RCT is required when the nerve, connective tissue and blood vessels (called the pulp) inside the tooth become infected through decay or injury. The aim of the treatment is to preserve the tooth by removing all traces of the infected tissue and then sealing it from the tip of the root to the crown of the tooth to prevent further ingress of bacteria from causing infection or an abscess.
If the infection described above is allowed to progress unchecked it could spread to the jawbone (osteomyelitis) or even cause blood poisoning (septicaemia). The alternative to RCT would be to extract the tooth to prevent these consequences.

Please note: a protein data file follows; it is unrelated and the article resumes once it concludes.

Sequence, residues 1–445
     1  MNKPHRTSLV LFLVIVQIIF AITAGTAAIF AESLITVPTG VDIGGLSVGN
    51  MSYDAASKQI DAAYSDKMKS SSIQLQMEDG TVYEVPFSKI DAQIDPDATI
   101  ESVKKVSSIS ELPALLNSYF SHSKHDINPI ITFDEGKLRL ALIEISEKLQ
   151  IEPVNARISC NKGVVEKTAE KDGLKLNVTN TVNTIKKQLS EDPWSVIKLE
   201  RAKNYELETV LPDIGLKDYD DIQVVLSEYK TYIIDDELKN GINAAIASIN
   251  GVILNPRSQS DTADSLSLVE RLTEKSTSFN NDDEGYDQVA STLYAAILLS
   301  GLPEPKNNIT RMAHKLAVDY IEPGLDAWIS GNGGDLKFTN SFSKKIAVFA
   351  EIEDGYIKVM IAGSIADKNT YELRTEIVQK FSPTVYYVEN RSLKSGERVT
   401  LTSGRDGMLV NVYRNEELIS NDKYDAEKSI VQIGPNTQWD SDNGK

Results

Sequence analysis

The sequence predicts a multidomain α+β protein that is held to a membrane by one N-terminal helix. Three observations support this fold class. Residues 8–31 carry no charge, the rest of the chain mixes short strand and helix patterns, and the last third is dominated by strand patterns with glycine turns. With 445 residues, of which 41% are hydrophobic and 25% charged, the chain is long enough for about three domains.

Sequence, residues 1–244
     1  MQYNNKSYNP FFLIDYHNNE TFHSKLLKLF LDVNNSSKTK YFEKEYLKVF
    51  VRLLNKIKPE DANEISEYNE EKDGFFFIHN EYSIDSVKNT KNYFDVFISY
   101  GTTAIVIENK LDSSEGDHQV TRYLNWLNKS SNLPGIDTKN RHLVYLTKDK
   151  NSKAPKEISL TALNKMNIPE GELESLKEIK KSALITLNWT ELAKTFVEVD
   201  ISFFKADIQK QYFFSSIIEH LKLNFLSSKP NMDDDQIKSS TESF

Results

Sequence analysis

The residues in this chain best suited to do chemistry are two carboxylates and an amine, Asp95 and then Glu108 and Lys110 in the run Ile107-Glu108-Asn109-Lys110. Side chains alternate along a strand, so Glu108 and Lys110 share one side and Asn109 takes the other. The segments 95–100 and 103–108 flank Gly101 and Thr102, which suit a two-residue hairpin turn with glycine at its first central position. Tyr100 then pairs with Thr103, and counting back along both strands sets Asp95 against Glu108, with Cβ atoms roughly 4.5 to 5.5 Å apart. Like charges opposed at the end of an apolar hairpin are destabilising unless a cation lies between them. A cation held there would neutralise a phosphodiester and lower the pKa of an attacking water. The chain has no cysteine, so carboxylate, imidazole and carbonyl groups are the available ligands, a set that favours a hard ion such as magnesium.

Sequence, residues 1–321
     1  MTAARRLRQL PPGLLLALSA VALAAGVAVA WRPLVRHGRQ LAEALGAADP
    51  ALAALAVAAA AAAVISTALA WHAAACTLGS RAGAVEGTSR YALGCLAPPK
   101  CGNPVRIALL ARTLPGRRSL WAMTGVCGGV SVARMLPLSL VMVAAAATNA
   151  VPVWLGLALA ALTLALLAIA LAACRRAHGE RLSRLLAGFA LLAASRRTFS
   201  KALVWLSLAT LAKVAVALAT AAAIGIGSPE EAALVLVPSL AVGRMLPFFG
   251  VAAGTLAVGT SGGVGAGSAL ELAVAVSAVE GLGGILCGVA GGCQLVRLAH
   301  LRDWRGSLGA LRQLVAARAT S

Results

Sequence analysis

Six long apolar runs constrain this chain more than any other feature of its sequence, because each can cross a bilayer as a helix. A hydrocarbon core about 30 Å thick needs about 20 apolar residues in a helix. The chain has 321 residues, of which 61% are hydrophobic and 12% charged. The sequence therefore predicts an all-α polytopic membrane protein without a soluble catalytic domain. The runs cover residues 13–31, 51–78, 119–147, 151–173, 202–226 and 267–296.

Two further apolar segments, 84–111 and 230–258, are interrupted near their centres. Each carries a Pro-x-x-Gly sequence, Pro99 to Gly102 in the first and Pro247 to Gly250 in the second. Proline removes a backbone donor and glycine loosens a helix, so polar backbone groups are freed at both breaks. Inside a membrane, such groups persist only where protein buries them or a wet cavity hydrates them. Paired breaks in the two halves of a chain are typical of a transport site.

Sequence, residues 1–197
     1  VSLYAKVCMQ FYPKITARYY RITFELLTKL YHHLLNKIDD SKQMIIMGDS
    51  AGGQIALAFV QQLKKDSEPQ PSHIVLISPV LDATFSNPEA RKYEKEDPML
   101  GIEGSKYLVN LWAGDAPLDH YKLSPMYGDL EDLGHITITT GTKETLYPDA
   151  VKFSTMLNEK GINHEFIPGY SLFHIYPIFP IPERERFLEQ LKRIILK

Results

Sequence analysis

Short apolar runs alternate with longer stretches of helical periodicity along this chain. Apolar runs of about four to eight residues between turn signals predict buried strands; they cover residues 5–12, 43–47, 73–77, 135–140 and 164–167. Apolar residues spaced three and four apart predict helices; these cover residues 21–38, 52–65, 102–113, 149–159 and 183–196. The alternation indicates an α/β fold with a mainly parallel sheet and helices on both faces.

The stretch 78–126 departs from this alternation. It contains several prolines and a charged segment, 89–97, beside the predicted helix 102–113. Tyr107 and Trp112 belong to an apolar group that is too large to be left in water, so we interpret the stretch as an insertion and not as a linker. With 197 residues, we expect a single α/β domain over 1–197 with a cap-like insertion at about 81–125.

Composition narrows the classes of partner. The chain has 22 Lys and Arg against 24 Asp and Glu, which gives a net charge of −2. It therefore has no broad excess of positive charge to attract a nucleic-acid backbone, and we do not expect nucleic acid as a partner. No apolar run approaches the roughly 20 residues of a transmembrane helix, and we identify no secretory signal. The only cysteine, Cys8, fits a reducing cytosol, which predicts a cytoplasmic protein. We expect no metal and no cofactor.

A local anaesthetic is used and therefore you will feel no pain during the procedure. There may be slight discomfort following the root filling for about 24hrs but many people report no symptoms. Usually any discomfort is controllable using proprietary painkillers such as paracetamol or ibuprofen.
A temporary dressing may be placed after stage 2 in severely infected teeth and the tooth allowed to settle. If this is the case the tooth will be sealed at the next appointment.
RCT is a skilled and time-consuming process. Most planned RCTs are completed in a single visit but if difficult may require further visits. Emergency root fillings would normally require two visits. The procedure can take up to 2 hours in total.
*Source: British Dental Health Foundation